At 6.1ft Gueye is a big presence in the middle of the pitch. This helps him to be good at recovering the ball and his defensive duties. The midfielder averages 6.91 defensive duels per 90 minutes with a 55.1% success.  The midfielder is also good in counter-pressing as on average he will recover the ball 6.99 times, he will particular do this in the middle of the pitch as out of the 282 times Gueye has recovered the ball 120 have been by counter-pressing in the middle of the pitch.

Part of the reason he good recovering the ball is the way he applies pressure. Looking at the example below notice how as soon as the midfielder receives the ball he is looking to turn. In this situation, he has a couple of options, as he could play the ball back to the wing, turn out to rotate the ball or look to drive forward. Gueye reads this and then can see by the midfielder’s body movement that he wants to drive forward with the ball. As a result, this triggers Gueye to apply instant pressure and is able to win the ball back. Gueye tackling technique is to go straight in for the tackle rather than forcing the opponent to make a mistake. He is able to do this as going straight in for a tackle with his tall figure means that players do not have time or space to move the ball out of the way. He is effective at this as out of the 37 times he as lost a defensive duel in the final third only once has it lead to a shot.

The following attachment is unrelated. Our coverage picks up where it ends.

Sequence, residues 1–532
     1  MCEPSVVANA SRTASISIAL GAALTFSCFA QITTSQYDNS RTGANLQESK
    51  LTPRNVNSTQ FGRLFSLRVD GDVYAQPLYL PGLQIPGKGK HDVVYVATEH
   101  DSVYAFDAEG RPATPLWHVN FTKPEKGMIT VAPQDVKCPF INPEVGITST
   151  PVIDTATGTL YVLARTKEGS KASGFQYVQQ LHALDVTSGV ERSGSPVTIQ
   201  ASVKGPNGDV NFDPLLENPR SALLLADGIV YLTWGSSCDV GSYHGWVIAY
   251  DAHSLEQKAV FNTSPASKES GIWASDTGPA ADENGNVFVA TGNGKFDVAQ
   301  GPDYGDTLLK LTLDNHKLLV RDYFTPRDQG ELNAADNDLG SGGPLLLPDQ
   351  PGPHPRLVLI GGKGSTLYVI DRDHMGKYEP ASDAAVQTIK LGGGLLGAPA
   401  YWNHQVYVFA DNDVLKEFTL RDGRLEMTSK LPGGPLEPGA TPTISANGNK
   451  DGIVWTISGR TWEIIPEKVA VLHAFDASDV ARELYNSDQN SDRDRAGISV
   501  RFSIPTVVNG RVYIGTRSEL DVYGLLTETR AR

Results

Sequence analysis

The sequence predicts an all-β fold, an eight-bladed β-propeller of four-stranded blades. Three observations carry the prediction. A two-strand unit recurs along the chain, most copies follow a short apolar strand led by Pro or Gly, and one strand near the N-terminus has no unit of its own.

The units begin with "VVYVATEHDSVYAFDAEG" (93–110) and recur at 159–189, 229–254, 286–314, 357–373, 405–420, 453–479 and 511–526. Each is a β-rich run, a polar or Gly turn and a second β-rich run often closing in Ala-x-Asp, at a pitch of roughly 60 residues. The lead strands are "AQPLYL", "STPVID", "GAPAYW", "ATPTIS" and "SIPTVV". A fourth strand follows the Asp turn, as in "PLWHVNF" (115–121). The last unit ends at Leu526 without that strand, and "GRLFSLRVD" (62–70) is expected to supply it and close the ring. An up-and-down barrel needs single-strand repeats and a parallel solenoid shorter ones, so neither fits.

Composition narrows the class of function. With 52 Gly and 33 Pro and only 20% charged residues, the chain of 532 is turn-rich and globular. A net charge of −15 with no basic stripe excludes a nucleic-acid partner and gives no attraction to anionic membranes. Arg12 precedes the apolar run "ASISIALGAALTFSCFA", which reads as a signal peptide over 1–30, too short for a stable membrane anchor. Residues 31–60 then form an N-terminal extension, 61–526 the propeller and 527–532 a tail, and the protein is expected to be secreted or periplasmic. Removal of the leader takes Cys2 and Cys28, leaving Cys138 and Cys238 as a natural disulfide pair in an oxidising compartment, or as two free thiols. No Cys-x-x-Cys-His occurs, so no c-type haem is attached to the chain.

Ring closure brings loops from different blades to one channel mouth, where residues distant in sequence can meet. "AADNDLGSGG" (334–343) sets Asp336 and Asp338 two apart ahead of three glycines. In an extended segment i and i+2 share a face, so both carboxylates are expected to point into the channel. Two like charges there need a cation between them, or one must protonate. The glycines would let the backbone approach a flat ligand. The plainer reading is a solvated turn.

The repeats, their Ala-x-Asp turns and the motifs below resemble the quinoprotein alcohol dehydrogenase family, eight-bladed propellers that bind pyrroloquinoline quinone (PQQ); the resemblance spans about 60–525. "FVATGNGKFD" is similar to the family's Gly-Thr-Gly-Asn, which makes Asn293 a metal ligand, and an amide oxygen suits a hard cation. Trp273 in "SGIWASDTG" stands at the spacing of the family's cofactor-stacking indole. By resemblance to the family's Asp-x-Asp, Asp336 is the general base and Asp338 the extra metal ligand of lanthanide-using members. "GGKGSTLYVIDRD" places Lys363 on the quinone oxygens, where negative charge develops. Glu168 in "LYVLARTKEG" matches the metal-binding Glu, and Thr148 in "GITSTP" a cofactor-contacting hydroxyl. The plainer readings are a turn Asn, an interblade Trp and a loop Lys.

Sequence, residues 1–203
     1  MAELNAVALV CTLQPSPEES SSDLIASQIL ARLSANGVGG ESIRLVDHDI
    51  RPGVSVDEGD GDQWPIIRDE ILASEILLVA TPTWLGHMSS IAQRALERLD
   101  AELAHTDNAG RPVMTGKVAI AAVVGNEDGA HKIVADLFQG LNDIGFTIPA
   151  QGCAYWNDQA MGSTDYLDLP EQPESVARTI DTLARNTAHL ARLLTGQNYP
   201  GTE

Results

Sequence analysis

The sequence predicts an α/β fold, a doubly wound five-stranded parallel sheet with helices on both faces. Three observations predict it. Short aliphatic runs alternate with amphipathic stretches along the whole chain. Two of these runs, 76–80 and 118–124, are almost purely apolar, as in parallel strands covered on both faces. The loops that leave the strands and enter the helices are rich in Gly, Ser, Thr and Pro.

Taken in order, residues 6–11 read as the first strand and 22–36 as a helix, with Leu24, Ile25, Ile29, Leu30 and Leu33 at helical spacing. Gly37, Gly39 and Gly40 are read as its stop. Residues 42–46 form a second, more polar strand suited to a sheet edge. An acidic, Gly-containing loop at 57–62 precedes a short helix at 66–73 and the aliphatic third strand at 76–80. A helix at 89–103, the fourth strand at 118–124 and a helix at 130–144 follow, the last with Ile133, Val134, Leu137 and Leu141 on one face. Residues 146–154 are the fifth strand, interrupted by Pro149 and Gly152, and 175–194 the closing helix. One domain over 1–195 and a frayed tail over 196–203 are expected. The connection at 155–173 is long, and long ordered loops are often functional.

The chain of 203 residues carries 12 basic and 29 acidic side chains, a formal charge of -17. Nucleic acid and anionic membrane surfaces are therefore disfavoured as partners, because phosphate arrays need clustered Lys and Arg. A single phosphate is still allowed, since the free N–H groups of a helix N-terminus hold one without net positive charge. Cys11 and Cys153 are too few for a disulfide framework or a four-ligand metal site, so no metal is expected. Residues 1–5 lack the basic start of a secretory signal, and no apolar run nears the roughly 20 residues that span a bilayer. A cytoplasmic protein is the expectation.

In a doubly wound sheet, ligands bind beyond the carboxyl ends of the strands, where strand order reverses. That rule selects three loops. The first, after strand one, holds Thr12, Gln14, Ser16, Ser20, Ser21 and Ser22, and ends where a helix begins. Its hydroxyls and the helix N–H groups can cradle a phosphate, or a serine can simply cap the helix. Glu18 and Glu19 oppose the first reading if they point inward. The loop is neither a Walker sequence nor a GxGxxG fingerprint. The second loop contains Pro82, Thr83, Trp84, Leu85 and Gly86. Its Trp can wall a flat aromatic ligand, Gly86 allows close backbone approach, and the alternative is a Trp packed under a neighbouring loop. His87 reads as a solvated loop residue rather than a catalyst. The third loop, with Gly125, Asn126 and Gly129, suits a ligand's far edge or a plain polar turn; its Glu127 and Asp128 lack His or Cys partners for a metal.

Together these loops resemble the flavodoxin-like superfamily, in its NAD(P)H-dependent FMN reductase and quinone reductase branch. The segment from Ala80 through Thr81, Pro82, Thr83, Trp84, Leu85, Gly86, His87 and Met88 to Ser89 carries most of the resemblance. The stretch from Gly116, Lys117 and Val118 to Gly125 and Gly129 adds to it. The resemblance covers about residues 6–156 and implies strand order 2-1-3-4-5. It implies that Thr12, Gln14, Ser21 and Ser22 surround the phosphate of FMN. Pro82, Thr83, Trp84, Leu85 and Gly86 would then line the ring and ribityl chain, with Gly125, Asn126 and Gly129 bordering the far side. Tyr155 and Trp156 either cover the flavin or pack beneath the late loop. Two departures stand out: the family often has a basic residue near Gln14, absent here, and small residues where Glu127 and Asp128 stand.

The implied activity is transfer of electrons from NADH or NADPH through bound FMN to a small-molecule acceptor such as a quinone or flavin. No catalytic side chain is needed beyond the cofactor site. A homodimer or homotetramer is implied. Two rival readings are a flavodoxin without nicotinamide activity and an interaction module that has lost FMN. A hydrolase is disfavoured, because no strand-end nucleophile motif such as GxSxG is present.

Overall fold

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Receiving the ball